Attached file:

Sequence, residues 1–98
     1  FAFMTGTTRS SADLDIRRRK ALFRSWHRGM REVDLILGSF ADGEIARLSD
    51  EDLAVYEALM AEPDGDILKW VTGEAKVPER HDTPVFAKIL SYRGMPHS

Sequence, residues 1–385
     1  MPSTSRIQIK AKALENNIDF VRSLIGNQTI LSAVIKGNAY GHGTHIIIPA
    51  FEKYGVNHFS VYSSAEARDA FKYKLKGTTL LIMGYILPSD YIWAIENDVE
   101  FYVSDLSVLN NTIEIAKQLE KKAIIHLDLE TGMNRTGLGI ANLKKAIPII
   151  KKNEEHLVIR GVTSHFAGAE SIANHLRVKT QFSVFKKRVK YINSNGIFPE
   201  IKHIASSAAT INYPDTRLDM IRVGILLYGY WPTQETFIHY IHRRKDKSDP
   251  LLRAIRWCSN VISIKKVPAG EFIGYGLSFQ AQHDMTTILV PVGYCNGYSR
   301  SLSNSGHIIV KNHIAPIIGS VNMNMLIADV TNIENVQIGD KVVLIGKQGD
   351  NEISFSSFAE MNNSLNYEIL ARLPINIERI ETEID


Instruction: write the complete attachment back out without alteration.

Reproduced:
Sequence, residues 1–98
     1  FAFMTGTTRS SADLDIRRRK ALFRSWHRGM REVDLILGSF ADGEIARLSD
    51  EDLAVYEALM AEPDGDILKW VTGEAKVPER HDTPVFAKIL SYRGMPHS

Sequence, residues 1–385
     1  MPSTSRIQIK AKALENNIDF VRSLIGNQTI LSAVIKGNAY GHGTHIIIPA
    51  FEKYGVNHFS VYSSAEARDA FKYKLKGTTL LIMGYILPSD YIWAIENDVE
   101  FYVSDLSVLN NTIEIAKQLE KKAIIHLDLE TGMNRTGLGI ANLKKAIPII
   151  KKNEEHLVIR GVTSHFAGAE SIANHLRVKT QFSVFKKRVK YINSNGIFPE
   201  IKHIASSAAT INYPDTRLDM IRVGILLYGY WPTQETFIHY IHRRKDKSDP
   251  LLRAIRWCSN VISIKKVPAG EFIGYGLSFQ AQHDMTTILV PVGYCNGYSR
   301  SLSNSGHIIV KNHIAPIIGS VNMNMLIADV TNIENVQIGD KVVLIGKQGD
   351  NEISFSSFAE MNNSLNYEIL ARLPINIERI ETEID